Highlighting a study from Massachusetts Institute of Technology researchers, the entity explained last month that the “geoengineering” project seeks to reflect a portion of solar radiation back into space. The group said that a device, which covers an area the size of Brazil, would likely pose “no risk” of disrupting the planet’s ecosystems because of its deployment in space rather than in the atmosphere.
“Geoengineering might be our final and only option,” Carlo Ratti, an MIT researcher and architect, said of the project. “Yet, most geoengineering proposals are earth-bound, which poses tremendous risks to our living ecosystem. Space-based solutions would be safer — for instance, if we deflect 1.8 percent of incident solar radiation before it hits our planet, we could fully reverse today’s global warming.”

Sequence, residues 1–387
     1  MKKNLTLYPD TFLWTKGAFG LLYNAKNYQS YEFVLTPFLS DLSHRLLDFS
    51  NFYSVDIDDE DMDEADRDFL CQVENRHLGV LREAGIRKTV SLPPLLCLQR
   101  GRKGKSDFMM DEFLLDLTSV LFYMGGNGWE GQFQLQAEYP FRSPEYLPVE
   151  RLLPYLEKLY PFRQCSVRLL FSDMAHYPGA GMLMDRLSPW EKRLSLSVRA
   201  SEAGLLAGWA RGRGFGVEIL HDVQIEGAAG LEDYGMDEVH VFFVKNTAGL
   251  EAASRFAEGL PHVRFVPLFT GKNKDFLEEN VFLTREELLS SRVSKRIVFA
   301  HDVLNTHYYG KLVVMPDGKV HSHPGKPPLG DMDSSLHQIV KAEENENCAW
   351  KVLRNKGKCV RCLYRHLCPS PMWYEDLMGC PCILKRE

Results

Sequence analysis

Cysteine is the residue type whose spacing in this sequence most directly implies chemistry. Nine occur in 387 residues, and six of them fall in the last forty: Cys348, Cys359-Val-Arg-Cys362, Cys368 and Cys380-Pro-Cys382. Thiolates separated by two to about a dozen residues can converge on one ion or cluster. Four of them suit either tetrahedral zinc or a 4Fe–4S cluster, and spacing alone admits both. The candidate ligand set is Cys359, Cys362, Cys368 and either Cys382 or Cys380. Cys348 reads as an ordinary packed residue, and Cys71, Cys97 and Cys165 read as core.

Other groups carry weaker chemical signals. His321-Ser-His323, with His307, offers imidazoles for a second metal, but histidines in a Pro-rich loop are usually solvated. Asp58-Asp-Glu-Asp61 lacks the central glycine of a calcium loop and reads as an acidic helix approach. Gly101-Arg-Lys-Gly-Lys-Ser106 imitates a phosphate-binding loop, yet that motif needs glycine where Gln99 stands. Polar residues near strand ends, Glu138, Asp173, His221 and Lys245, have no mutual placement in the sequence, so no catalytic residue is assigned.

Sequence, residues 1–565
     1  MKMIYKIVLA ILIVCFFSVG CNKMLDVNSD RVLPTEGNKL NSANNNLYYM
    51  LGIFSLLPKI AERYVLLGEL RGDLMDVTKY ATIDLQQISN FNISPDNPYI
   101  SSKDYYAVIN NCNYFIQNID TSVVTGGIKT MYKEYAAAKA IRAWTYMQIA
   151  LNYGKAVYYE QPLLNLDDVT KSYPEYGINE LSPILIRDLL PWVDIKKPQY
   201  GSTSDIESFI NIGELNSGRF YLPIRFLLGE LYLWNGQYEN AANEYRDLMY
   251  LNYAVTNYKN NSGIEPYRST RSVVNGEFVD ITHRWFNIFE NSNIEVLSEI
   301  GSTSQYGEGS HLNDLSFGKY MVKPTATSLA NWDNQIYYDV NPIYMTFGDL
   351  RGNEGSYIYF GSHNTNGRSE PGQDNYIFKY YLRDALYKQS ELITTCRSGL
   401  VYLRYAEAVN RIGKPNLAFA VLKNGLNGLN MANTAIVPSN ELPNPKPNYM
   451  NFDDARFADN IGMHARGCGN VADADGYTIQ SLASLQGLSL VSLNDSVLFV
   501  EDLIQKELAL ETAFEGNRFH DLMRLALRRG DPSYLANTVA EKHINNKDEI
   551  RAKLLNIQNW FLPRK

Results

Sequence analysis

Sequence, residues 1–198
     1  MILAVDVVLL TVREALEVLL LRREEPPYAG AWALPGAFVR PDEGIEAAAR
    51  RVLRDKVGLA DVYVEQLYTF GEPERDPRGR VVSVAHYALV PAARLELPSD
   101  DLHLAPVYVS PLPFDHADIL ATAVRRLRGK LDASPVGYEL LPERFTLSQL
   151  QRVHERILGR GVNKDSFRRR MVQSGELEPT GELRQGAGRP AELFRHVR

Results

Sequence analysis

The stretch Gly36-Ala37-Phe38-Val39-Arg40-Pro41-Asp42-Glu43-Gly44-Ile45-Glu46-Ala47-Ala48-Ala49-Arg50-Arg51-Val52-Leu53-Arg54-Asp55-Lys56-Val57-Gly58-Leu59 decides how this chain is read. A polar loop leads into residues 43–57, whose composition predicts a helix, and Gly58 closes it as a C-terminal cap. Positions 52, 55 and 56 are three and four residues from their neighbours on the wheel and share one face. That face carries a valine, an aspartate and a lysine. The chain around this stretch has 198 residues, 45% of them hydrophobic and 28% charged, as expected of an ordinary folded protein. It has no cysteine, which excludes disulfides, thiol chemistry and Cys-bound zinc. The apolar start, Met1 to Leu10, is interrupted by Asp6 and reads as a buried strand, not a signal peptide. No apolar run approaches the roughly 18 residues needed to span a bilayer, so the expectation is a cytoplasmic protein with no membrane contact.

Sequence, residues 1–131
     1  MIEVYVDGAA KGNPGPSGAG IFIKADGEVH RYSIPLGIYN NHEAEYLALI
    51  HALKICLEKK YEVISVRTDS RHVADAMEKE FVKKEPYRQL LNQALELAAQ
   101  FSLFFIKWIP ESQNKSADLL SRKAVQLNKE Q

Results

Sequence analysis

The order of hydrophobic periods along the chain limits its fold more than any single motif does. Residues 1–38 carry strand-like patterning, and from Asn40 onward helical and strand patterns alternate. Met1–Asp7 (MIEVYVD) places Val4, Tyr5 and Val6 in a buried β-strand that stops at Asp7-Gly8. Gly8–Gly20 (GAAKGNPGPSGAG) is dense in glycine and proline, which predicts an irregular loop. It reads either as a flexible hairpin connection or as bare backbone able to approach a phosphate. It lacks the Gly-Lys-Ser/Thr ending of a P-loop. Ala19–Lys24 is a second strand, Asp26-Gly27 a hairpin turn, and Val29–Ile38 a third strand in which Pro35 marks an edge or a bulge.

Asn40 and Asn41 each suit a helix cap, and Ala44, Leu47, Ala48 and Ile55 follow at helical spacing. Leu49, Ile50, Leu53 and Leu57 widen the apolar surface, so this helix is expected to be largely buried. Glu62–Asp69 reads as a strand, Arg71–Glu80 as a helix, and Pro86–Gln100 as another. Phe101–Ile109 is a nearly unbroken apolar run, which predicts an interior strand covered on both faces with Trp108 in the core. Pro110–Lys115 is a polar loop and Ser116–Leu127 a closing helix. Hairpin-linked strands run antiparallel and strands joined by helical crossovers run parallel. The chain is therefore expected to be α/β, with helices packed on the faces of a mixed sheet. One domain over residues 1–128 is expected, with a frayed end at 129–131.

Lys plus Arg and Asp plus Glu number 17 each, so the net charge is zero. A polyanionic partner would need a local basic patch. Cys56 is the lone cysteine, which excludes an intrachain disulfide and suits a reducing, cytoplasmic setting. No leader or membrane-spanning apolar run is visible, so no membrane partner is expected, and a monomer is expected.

The bubbles, made of a thin plastic material, would be manufactured in space and positioned at the L1 Lagrangian Point, where the gravitational pulls between the Earth and the sun cancel out.
According to an MIT press release, “This proposal addresses many questions: How to engineer the best material for the bubbles to withstand outer space conditions? How to fabricate and deploy these bubbles in space? How to make the shield fully reversible? What are the potential long-term effects on Earth’s ecosystem?” Read Full Article >